It takes a special kind of chutzpah to write an oped in the Washington Post, ostensibly arguing in favor of gay rights in the US, while actually handing Russian President Vladimir Putin a propaganda victory over gay dissidents in his own country.
But that’s what Yale law professors Ian Ayres and Bill Eskridge did in this weekend’s paper, when they appeared to argue that the gay rights situation in the United States was somehow comparable to the abominable state of affairs for gays, and all dissidents, in Putin’s Russia.
The oped, titled “The US hypocrisy over Russia’s anti-gay laws,” claimed to cite a number of US laws that are just as onerous as Russia’s recently-passed law banning gay propaganda. They aren’t. And it’s surprising that law professors from Yale could get the facts so abominably wrong.
First, some background on Russia’s law. The gay “propaganda” law, passed last summer, makes it illegal for anyone, anywhere in Russia, to say or do anything that might eventually risk convincing a child that being gay is okay.
Those arrested under the law include Dmitry Isakov, a gay rights advocate from Kazan, Russia, who held up a sign in the center of town saying “Being gay and loving gays is normal. Beating gays and killing gays is a crime!” That “crime” landed Isakov in jail.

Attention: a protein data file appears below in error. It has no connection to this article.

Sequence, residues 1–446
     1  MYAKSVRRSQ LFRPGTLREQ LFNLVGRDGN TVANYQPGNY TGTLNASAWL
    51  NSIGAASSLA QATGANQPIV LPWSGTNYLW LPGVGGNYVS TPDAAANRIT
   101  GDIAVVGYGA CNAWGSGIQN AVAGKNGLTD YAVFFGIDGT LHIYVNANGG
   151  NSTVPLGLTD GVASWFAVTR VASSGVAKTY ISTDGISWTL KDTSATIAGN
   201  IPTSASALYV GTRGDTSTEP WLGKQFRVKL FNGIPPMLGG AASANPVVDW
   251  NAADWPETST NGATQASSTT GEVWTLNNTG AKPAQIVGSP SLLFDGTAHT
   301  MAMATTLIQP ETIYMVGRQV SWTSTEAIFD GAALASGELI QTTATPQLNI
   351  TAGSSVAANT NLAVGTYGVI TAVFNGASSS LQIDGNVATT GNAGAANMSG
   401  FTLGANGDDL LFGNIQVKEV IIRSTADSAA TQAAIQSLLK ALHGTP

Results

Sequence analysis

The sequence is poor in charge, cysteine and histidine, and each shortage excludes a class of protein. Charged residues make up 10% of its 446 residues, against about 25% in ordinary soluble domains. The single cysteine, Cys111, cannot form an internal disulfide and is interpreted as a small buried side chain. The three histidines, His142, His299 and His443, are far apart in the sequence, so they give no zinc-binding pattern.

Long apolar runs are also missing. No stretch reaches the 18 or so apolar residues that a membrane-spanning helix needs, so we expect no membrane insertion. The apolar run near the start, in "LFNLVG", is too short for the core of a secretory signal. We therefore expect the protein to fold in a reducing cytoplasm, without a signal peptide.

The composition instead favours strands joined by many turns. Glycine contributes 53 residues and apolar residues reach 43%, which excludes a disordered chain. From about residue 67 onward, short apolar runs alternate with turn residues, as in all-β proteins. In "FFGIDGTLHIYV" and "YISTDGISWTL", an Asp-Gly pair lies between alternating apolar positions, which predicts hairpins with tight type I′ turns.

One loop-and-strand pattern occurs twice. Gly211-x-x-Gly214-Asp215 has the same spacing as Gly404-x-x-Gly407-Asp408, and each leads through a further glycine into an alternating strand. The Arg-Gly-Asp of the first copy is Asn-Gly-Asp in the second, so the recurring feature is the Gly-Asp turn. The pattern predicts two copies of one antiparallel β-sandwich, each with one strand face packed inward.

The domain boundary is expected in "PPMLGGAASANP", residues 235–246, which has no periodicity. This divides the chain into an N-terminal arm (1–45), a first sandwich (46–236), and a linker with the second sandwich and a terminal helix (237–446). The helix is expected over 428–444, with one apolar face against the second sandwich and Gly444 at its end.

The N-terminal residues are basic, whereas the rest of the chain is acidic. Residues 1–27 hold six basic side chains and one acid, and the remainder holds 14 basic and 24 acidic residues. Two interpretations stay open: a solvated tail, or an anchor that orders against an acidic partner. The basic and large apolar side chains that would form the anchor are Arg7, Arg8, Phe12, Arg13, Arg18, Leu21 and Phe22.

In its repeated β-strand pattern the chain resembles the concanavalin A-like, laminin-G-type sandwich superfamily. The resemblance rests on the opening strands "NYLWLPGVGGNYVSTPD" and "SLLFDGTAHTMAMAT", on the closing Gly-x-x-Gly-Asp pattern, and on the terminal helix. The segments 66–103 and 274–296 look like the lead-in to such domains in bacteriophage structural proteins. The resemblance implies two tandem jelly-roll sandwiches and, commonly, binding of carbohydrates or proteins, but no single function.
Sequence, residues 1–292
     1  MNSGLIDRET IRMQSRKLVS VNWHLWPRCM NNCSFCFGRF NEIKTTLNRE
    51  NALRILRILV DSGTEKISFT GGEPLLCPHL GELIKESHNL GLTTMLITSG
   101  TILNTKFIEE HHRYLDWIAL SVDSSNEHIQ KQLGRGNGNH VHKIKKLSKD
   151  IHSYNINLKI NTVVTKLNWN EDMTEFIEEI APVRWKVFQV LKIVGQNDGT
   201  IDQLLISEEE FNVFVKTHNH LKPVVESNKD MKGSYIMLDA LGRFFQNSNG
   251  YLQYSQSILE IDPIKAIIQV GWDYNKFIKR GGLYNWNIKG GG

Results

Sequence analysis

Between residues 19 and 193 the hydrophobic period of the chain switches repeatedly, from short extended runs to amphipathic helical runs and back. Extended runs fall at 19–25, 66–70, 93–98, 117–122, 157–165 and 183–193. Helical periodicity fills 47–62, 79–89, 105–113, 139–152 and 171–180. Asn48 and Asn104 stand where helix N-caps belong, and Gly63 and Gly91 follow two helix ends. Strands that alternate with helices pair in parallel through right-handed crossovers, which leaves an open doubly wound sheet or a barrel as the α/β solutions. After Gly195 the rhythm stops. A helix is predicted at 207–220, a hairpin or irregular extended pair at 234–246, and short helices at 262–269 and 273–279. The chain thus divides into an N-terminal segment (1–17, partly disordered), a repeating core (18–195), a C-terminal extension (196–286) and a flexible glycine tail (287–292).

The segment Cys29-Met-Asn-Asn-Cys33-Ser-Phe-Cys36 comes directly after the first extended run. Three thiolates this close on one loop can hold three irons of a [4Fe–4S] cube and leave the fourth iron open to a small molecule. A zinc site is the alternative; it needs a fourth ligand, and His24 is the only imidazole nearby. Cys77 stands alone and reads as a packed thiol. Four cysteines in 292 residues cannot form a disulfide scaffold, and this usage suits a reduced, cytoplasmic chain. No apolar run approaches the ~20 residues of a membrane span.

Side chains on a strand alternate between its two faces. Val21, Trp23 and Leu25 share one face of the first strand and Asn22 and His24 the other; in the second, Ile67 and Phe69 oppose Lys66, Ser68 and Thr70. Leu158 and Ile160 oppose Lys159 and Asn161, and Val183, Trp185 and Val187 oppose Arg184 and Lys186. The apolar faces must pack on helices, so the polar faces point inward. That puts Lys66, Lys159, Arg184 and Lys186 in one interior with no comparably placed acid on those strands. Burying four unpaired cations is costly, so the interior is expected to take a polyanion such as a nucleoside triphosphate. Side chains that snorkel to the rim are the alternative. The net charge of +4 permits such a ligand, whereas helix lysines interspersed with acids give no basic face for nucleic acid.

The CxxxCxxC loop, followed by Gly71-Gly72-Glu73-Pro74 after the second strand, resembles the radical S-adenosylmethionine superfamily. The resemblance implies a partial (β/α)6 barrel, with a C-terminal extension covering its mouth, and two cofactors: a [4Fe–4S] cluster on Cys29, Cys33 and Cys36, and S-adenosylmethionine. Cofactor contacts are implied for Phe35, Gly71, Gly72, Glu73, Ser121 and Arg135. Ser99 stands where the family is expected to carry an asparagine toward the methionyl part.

Then there was Russian newspaper editor Alexander Suturin, who was fined three month’s wages last month for publishing a quote from a gay person claiming that there’s nothing wrong with being gay (the article was about the gay person losing their job for being gay, so it would be normal to have a quote from the person protesting their dismissal).
The Russian propaganda law also formed the basis of an investigation of the country’s Jewish autonomous region’s local flag because it contains a rainbow, and the rainbow is the symbol of the international gay human rights movement. (After a through investigation, Kremlin experts determined that the Jewish flag is safely No Homo.)
The St. Petersburg version of the law (a local version passed in that city before it passed nationwide), even saw a young man arrested for the crime of wearing rainbow suspenders.
Tell me that we have any federal or state law that comes even close to this in America. We do not.
The “proof” that Ayres and Eskridge offer for America’s crimes is that many (mostly) southern states, and Utah (of course), have anti-gay laws governing elementary school curricula. And they do. And while those laws are awfully hateful, they still only apply to school curricula in a small handful of admittedly backwards states. The US laws are not nearly as broad as the draconian Russian law, which applies to every communication in the entire country.
The Russian anti-gay law is so vague and all-encompassing that it is unclear whether it is legal to be openly gay in Russia at all.
In contrast, in America we have a host of groups, and individual activists, working to overturn those laws, and promote a healthier and happier environment for gay and trans people. In Russia, after passage of the propaganda law, such advocacy is now increasingly illegal. Heck, this blog post is likely now illegal in Russia.